My name is Harrison and I am from Tulsa, Oklahoma. I am looking to purchase my first property, 2-4 units, utilizing the "house hacking" strategy. Doing some research on financing, I discovered the HUD Section 184 loan for Native Americans. The loan offers a low 2.25% down payment, structured to purchase and finance the improvements "rehab" in single closing, and with regular 30 year fixed rates available. Being a Cherokee member myself, this seems to be an great way to get started in my real estate journey.
Has anyone ever used a Section 184 loan? If so, what was your experience like? Unapparent challenges, pitfalls, disadvantages, etc.? Also, any general advice for a Newbie is greatly appreciated.
@Harrison Moseby thanks for posting! The 184 loan is a good loan to take advantage of but it cannot be used on 2-4 unit properties unfortunately. It's only designed for Single Family Homes. That doesn't mean there's not any good options for you though. FHA only needs 3.5%, and HomePossible only need 5% for 2-4 unit properties. And both are reasonable options.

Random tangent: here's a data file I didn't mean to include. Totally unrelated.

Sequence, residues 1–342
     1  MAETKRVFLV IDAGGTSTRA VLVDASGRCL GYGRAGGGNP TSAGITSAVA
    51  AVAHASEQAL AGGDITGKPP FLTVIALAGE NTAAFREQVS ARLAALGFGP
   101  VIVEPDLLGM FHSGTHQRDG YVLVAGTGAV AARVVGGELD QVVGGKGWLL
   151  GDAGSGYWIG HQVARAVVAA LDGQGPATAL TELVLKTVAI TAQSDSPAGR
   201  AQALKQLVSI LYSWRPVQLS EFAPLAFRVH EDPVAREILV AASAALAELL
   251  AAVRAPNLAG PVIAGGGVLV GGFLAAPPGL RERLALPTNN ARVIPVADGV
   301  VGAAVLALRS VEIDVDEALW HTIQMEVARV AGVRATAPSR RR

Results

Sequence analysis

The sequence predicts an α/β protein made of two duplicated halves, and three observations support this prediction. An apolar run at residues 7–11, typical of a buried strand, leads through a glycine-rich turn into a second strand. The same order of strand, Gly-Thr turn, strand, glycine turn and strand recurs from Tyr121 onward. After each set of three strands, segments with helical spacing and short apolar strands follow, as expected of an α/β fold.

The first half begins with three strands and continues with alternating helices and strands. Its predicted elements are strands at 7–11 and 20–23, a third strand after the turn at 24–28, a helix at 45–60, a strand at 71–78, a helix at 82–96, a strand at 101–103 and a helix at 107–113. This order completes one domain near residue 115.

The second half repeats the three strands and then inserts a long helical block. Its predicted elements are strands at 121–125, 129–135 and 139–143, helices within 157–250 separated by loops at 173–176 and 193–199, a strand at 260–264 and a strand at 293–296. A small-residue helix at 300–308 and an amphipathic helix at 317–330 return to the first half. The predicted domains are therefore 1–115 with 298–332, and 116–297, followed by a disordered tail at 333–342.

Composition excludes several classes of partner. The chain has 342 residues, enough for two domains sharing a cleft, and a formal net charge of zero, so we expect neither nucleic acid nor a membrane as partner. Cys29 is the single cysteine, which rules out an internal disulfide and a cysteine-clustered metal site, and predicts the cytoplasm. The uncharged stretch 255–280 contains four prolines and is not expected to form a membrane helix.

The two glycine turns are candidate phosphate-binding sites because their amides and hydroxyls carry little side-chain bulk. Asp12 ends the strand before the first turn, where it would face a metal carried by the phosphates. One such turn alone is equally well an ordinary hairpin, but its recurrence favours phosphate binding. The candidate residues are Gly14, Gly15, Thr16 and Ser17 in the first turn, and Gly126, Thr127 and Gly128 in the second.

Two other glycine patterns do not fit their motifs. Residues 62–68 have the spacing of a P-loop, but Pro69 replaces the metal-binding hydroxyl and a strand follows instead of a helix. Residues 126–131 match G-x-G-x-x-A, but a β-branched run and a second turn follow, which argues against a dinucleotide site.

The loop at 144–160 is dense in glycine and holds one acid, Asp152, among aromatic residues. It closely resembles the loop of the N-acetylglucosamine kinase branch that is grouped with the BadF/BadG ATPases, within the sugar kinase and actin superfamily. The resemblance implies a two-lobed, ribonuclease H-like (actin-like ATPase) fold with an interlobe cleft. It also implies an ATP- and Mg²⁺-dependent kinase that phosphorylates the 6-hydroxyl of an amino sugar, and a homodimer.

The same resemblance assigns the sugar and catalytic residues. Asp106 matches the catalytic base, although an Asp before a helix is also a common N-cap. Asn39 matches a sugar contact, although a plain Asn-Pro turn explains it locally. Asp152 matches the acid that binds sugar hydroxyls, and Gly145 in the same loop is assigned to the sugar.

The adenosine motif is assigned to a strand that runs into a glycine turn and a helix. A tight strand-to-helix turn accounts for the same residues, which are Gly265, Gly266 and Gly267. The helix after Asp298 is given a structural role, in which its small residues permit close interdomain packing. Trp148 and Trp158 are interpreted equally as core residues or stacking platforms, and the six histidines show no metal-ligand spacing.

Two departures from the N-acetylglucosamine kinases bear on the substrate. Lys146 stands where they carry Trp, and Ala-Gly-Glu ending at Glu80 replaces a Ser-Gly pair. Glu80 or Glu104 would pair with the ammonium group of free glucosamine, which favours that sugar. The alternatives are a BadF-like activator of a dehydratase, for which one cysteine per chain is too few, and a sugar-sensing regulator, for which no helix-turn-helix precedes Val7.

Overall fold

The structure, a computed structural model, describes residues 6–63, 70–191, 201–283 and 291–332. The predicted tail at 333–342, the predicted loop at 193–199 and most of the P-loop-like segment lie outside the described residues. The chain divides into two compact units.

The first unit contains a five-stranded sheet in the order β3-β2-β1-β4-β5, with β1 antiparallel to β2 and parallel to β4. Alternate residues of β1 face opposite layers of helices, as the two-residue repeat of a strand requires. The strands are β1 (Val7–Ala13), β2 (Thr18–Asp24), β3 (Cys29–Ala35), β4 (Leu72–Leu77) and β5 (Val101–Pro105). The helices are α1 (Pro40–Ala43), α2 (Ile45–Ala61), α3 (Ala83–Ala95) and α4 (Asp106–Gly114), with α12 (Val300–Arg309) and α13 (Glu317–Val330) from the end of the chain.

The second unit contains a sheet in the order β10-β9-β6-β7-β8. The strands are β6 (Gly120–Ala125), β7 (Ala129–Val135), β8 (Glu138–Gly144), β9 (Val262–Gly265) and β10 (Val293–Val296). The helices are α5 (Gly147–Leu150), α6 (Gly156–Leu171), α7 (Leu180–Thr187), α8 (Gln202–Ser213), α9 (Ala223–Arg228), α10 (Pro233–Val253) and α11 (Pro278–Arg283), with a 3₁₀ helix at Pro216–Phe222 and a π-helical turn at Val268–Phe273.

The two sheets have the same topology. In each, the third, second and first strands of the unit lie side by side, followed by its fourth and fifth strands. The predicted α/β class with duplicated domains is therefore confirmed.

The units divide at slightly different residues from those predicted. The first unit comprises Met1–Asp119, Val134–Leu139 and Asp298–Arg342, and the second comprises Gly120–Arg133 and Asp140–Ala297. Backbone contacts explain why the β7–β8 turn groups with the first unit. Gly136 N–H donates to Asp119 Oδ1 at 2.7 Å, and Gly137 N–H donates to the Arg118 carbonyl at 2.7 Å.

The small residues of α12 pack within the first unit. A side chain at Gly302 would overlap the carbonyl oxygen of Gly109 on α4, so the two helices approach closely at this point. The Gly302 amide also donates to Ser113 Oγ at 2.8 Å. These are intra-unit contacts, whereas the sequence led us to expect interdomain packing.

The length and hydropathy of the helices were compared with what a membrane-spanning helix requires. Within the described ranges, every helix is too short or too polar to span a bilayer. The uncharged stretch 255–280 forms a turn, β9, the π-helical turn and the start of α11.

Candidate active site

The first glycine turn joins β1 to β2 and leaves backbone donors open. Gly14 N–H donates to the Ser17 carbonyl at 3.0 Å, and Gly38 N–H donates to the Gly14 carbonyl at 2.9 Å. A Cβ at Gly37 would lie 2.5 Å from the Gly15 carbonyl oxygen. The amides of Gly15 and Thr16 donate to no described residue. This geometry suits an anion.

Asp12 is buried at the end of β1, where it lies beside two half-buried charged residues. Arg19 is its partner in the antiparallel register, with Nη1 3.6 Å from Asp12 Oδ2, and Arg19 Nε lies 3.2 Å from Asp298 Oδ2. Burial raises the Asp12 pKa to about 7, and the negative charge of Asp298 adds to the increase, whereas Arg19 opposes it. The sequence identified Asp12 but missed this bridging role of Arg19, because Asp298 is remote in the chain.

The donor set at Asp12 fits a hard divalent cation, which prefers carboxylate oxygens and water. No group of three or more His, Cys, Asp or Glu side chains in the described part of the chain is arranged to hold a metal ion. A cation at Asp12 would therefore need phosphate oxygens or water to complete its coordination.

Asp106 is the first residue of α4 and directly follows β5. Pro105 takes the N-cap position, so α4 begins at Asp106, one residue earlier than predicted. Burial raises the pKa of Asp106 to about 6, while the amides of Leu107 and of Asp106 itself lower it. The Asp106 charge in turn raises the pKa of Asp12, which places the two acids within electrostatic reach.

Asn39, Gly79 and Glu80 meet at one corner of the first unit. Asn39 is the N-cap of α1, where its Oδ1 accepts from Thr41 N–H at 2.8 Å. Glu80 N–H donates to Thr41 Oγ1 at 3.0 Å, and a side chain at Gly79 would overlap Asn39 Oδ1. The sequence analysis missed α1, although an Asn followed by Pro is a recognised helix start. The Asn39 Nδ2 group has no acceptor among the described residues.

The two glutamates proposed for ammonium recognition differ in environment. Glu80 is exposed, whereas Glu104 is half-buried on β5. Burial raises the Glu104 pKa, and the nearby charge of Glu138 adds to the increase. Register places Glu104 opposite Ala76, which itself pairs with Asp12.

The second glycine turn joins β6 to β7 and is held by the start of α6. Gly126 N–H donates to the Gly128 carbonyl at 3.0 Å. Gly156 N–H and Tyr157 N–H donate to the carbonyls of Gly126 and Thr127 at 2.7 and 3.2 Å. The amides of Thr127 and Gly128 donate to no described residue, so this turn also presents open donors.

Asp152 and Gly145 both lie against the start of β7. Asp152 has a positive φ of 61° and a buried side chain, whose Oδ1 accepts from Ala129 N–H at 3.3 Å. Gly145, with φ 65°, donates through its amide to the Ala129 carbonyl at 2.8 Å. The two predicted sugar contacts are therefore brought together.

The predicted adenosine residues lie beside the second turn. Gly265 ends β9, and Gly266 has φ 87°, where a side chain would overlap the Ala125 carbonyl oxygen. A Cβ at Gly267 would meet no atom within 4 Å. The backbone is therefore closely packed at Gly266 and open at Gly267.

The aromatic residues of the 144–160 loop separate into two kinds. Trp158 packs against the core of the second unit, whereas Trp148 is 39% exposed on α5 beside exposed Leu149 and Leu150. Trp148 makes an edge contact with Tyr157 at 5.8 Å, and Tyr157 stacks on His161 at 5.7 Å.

I wanted to provide the official link to the Section 184 loans in case any other people came searching for more information on this loan type: SECTION 184 INDIAN HOME LOAN GUARANTEE PROGRAM
Currently Fairway Mortgage is the #1 lender in the country for this loan type but the site will tell you other lenders who are approved as well.
@Andrew Postell thanks for the response!
The website says "The loan is limited to single-family housing (1-4 units)". I am under the impression that a 2plex, 3plex, and 4plex are considered SFH (1-4 units). Whereas 5+ units are considered multifamily. Is that incorrect? Hope for some clarification on that.
@Harrison Moseby Well....all the more reason to work with one of those lenders on the list. Sorry for the confusion here. It does actually read...."only available for single family residences" in the guidelines....but further down defines single family residences as 1-4 unit properties. Sorry for the confusion.